Is it fall budget planning season at your company? Many organizations are thinking now about their 2020 spend, and what percent of their budgets they’ll allocate to security and Identity and Access Management (IAM). If that sounds like you, here are some surprising statistics to keep in mind:
Though IAM currently constitutes just 8.5 percent of most security budgets, more than two-thirds of data breaches are caused by insiders exploiting an identity access vulnerability or by human error—including improper access and misuse of employee credentials.
This shouldn’t be a surprise. In fact, security threats over the last decade have fallen into predictable, repeating patterns. So why do so many organizations fail to act on this knowledge by beefing up their IAM systems and putting preventative processes in place?
Many companies know they have work to do but aren’t sure where to start, what to spend, or how to prioritize. If you’re not sure whether to push for IAM upgrades in your next budget, here are some signs you should act on.
You Have Onerous Manual Processes
If your company is still doing access certifications and identity governance out of spreadsheets and email exchanges, it’s time to look at other options. Manual processes open the door to mistakes, abuse of privileges, outdated information, and audit findings —not to mention the waste of valuable employee time and productivity.
You Had an Audit Finding
An audit finding—whether it’s self-reported or, more critically, discovered by your external auditor—is a red flag that your system needs mitigation. Realizing that former employees still have access, that an inappropriate individual was given credentials, or that user access flagged by a certifier for revocation was never removed are warnings of flaws in your IAM processes. Furthermore, it’s not enough to only secure your sensitive applications: the whole stack must be compliant. Maintaining proper regulatory compliance can be onerous and time-consuming, so if access governance processes and related regulatory controls are not centrally managed, streamlined, and automated, it can be easy to overlook critical steps—leading to audit findings that carry heavy penalties. Boards and executive leaders know that compliance isn’t optional, and are generally supportive of IAM budget spends to ensure regulatory compliance.
Your Productivity and Morale Are Tanking
For the many companies that don’t have an official IAM system per se—and rely on manual, homegrown scripts and processes—access management can be a huge drain on employees’ time and talent. People who were hired to work on strategic projects get bogged down with provisioning requests, or can’t get anything done while they’re waiting for approvals. Likewise, dealing with problematic legacy systems whose technology is outdated and whose vendor support has expired creates a burden for already frustrated employees. These painful inefficiencies aren’t just discouraging: they can lead to more expensive problems, like productivity loss and turnover.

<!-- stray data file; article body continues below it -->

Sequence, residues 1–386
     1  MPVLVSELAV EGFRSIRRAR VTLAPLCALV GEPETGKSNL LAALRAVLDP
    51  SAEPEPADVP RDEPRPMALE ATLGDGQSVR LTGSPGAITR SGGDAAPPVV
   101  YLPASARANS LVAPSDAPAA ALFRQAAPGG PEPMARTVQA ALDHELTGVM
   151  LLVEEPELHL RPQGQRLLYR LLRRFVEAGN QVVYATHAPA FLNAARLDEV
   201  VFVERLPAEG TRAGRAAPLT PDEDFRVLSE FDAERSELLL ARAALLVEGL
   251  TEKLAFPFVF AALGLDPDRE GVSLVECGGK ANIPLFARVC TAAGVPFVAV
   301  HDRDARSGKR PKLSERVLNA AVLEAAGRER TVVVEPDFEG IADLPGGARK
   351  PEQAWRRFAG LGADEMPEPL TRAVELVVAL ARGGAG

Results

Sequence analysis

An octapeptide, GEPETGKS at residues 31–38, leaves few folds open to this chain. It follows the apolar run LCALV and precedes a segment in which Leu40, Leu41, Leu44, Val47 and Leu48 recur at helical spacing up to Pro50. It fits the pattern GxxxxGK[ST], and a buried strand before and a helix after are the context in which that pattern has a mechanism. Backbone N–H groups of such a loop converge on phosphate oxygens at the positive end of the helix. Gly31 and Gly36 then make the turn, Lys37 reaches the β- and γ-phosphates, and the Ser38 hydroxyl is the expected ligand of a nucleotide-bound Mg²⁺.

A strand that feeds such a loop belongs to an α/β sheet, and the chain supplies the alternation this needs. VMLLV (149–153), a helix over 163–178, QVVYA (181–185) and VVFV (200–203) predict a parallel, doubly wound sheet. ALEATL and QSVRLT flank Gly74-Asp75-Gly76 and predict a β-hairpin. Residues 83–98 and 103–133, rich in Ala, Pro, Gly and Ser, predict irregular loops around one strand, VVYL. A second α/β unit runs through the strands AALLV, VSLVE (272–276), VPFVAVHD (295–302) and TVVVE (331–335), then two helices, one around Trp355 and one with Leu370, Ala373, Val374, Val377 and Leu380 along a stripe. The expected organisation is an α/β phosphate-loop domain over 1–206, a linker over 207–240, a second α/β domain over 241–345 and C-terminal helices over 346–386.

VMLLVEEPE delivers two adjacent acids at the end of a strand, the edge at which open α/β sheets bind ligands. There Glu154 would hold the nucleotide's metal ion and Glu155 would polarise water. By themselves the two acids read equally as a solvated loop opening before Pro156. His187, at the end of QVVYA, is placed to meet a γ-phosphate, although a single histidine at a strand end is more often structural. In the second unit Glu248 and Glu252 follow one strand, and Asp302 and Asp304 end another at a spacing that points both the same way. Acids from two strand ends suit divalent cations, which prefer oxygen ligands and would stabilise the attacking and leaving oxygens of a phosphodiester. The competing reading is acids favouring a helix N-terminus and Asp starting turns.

You’re Feeling Competitive Pressure
Every company is working hard to accelerate innovation, boost sales, and increase productivity, and technology is an important tool for staying competitive. But the need for new technology typically outstrips a company’s available resources. Companies end up weighing every opportunity for investment against multiple competing demands. When organizations are overwhelmed with putting out immediate fires, it often means they don’t have the resources available to work on longer-term initiatives—some of which would prevent those fires from happening in the first place. For example, IAM processes allow for automation and efficiencies that can free up people and money to put towards strategic new investments in technology. In addition, every new opportunity for technology at an organization will have an IAM requirement that is better and more cost-effective to manage when strong IAM processes are in place to support it. Simply put, it’s easier to stand up a new technology when IAM processes are mature enough to easily support that new technology, and more investment dollars will be available when IAM processes are being done efficiently. Mature, well-governed IAM processes don’t just make your existing technology more secure: they can unleash better performance.
How to Know What to Do